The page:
where d is the distance between the target plane and the spectacle plane and d′ the distance between the target plane and the midpoint between the centres of rotation of the eyes. See pupillometer; PD rule.
near centration distance  (NCD) The horizontal distance between the right and left centration points used for near vision.
object distance The distance along the optical axis of a lens or optical system between the object plane and the primary principal plane. If the system consists of a single thin lens, the object distance is measured from the optical surface and the reciprocal of this quantity is called the reduced object vergence or object vergence (in air). See front vertex power; vergence.
reading distance The normal distance at which people read. It is about 33-44 cm for men and 29-40 cm for women. It is a useful measurement in determining the reading addition.
vertex distance See vertex distance.
distance vision See distance vision.
working distance  (WD) 1. The distance at which a person reads or does close work. 2. In retinoscopy, the distance between the plane of the sighthole and that of the patient's spectacles. 3. In microscopy, the distance between an object and the front surface of the objective.
Fig. D9 Conjugate distances k and k′ and conjugate points M R and M′ in the eye (M R , far point of the eye; M′, foveola)enlarge picture
Fig. D9 Conjugate distances k and k′ and conjugate points MR and M′ in the eye (MR, far point of the eye; M′, foveola)

Table D5 Calculated near PD (in mm) as a function of distance PD for three reading distances (target plane to spectacle plane). The distance between the spectacle plane and the midpoint of the base line is assumed to be 27 mm (vertex distance 12 mm)
distance PD56586062646668707274
near PD for 45 cm52.854.756.658.560.462.364.266.067.969.8
difference3.23.3 3.4 3.5 3.6 3.7 3.8 4.0 4.1 4.2
near PD for 40 cm52.554.356.258.159.961.863.765.667.469.3
difference3.53.7 3.8 3.9 4.1 4.2 4.3 4.4 4.6 4.7
near PD for 35 cm52.053.855.757.659.461.363.165.066.868.7
difference4.04.2 4.3 4.4 4.6 4.7 4.9 5.0 5.2 5.3
Millodot: Dictionary of Optometry and Visual Science, 7th edition. © 2009 Butterworth-Heinemann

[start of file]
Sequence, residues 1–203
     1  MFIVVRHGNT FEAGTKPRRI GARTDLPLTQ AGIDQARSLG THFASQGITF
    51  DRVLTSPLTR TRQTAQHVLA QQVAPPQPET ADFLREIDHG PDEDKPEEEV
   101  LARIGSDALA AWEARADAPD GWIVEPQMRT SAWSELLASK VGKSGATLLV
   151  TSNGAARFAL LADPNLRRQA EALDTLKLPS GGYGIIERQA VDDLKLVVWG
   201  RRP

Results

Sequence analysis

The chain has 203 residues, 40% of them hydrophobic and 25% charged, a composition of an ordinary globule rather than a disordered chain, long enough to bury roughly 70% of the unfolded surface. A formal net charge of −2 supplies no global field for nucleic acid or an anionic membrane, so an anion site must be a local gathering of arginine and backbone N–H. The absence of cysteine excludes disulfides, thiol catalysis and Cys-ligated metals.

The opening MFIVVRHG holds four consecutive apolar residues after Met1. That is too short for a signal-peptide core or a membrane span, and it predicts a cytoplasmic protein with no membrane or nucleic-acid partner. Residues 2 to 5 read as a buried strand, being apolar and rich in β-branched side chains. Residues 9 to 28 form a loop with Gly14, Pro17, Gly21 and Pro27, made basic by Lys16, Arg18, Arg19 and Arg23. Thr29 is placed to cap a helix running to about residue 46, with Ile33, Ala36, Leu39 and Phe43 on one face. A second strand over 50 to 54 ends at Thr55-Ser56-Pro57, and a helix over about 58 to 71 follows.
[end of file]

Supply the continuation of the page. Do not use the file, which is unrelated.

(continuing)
dis·tance

(dis'tăns)
Measure of space between two objects.
Medical Dictionary for the Dental Professions © Farlex 2012
References in classic literature ?
Hawkeye and Heyward ascended an adjacent bluff, where the former, after considering the expanse of water beneath him, pointed out to the latter a small black object, hovering under a headland, at the distance of several miles.
"But for its distance and its magnitude, I should suppose it a bird.
A low point concealed them from the headland, and the margin of the lake was fringed for some distance with dense and overhanging bushes.
The question of his fate, then, rested upon whether, with his start he could elude Numa for a few seconds; and, if so, if the lion would then have sufficient stamina remaining to pursue him at a reduced gait for the balance of the distance to the wall.
The river led me a short distance within the shadow before it emptied into the Sojar Az.
I had progressed no great distance from the mouth of the river when I discerned, lying some distance at sea, a great island.
Here and there a tall tree rose out of the bottoms, stretching its naked branches abroad, like some solitary vessel; and, to strengthen the delusion, far in the distance, appeared two or three rounded thickets, looming in the misty horizon like islands resting on the waters.
As the party drew nigher to this solitary being, and came within a distance to be heard, a low growl issued from the grass at his feet, and then, a tall, gaunt, toothless, hound, arose lazily from his lair, and shaking himself, made some show of resisting the nearer approach of the travellers.
What may a man call the distance, from this place to the nighest point on the main river?"
Colter flew rather than ran; he was astonished at his own speed; but he had six miles of prairie to traverse before he should reach the Jefferson Fork of the Missouri; how could he hope to hold out such a distance with the fearful odds of several hundred to one against him!
He then swam silently down the river for a considerable distance, when he landed, and kept on all night, to get as far as possible from this dangerous neighborhood.
By daybreak he had gained sufficient distance to relieve him from the terrors of his savage foes; but now new sources of inquietude presented themselves.